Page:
I was told these stories as a child. Looking back now I think they nearly summarise my approach to teaching.
The first tale was given to a group of us at junior school by the Bishop of Hereford.
A man wanted to become a connoisseur and collector of jade. One particular teacher came very highly recommended by his friend, so the man went to see him. He was welcomed, shown to a room and sat in front of a small piece of jade. The teacher left him there, returning an hour later to collect the piece of jade and his fee, and to bid our protagonist goodbye. This happened the next day and the next. Several weeks later the man bumped into his friend who asked how the lessons were going. “Appalling!” he replied, “He just leaves me alone in the room in front of a piece of jade for an hour. Doesn’t even say a word. And to add insult to injury, this morning it wasn’t even good quality jade!”
The other story my father liked to re-tell from the diaries of the diplomat Harold Nicholson. Nicholson was sat next to a Chinese official at a meal and was told, “In my country we have a proverb – Better a tile, intact, than a broken piece of jade.” “That is an excellent proverb” said Nicholson, writing it in his notebook. When he had done so he found his interlocutor frowning, “Or, maybe I have the proverb wrong. I think perhaps it is – Better a broken piece of jade than a tile intact.” “That, too, is an excellent proverb.” said the diplomat, “I shall write that down as well”.
I thought I should follow the example of the Bishop who, I can see now, was practising and preaching the same thing – at least on that occasion, but ending the blog at that point would no doubt results in a bemused reader, so here is my translation:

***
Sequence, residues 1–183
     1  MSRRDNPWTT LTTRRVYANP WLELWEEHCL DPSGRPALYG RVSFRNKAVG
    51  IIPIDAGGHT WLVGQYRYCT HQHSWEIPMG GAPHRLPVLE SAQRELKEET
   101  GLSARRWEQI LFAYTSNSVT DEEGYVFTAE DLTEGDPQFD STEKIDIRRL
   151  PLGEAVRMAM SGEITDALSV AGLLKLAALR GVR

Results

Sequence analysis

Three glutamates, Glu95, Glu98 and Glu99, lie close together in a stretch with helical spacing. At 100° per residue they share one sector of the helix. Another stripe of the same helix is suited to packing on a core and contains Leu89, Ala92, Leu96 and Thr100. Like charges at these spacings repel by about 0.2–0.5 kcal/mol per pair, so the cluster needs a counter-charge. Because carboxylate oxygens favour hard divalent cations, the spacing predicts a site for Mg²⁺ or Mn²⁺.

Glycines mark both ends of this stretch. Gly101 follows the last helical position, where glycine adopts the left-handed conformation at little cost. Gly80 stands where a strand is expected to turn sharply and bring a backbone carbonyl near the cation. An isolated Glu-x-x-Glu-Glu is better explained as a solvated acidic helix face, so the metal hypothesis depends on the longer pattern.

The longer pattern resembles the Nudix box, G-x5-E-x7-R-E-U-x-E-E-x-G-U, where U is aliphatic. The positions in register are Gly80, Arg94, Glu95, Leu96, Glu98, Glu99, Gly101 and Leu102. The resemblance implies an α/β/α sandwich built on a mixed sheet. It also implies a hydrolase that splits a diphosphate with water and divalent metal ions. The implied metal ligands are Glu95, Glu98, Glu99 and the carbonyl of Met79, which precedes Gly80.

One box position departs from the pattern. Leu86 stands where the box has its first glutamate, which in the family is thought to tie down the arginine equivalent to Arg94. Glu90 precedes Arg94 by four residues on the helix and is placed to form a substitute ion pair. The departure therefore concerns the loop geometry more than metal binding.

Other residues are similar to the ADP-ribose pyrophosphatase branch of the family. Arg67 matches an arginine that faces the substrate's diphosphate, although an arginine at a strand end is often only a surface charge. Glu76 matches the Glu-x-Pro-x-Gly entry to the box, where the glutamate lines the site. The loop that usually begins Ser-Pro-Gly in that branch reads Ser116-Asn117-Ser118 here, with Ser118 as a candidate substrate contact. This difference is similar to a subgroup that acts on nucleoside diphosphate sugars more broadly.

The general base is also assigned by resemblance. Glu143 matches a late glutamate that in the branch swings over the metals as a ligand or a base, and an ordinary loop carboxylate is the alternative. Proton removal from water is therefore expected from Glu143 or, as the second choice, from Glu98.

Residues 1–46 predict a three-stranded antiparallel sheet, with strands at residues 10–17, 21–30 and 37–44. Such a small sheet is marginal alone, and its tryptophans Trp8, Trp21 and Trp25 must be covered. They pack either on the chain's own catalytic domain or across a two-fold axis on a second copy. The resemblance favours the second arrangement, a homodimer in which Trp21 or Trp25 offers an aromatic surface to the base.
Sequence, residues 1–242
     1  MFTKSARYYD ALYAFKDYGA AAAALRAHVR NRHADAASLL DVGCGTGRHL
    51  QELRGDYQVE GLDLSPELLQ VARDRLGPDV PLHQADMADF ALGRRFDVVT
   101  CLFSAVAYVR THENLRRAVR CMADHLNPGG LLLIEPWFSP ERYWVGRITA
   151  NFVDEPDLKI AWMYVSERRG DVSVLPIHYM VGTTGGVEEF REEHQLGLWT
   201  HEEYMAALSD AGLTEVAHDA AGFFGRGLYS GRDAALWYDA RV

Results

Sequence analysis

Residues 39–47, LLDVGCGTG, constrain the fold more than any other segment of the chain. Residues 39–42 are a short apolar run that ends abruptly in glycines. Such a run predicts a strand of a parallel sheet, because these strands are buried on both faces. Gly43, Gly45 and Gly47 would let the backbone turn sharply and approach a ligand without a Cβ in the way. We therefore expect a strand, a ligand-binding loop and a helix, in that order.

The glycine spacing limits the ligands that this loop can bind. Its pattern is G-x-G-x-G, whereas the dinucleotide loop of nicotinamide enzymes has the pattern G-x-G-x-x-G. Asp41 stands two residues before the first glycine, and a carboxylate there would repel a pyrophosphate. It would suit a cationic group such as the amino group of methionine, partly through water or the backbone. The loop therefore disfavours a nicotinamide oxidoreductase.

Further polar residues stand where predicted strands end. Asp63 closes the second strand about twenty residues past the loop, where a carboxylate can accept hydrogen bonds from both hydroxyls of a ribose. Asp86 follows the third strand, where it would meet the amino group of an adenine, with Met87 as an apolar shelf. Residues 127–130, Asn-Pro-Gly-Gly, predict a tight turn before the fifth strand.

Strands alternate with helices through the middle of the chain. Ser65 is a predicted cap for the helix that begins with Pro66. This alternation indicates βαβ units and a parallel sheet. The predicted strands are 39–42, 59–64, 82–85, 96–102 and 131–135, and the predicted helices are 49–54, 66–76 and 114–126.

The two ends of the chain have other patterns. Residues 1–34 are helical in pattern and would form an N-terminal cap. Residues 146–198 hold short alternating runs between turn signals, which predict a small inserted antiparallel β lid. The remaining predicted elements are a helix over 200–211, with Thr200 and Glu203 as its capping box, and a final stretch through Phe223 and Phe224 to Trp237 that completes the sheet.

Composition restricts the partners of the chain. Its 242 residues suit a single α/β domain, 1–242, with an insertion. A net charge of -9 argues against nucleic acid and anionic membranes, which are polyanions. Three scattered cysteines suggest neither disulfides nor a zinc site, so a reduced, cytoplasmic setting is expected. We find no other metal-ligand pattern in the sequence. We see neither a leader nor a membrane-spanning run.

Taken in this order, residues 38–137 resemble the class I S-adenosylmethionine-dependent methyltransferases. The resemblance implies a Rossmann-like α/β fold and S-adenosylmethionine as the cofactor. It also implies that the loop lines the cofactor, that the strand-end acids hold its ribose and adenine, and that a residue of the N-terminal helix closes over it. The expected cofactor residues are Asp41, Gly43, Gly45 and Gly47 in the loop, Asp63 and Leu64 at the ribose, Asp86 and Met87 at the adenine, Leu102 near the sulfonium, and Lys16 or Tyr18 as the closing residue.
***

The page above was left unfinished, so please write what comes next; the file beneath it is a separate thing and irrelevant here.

The Bishop’s point is that teaching is more effective if it is implicit. The man became an expert – he became something he had not been before. Had he been instructed by an explicit, content-based approach, he would have remained the same as before, just with some extra information. I did think I might do the same, and leave these stories suspended, but the required repetition and exposure (and in psychoanalytic terms the frustration tension) would have been missing; You would have had to sit with my blog for a few weeks.
The second story is, for me, about the nature of knowledge. Certainty is attractive but illusory, but the fact that the certainty is illusory does not make the information any less useful. In fact it makes it more useful by virtue of being more flexible. Secondly, apparently mutually exclusive opposites, far from being a problem, are what makes the world go around. The story is explicitly about whether it is substance or form that determines quality. That would be the explicit, content-based message – the substance, but it is the process, or form, that interests me more. Either that, or the flickering ambiguity that oscillates my attention between the two and leaves me suspended in a sort of pleasurable trance of unknowing.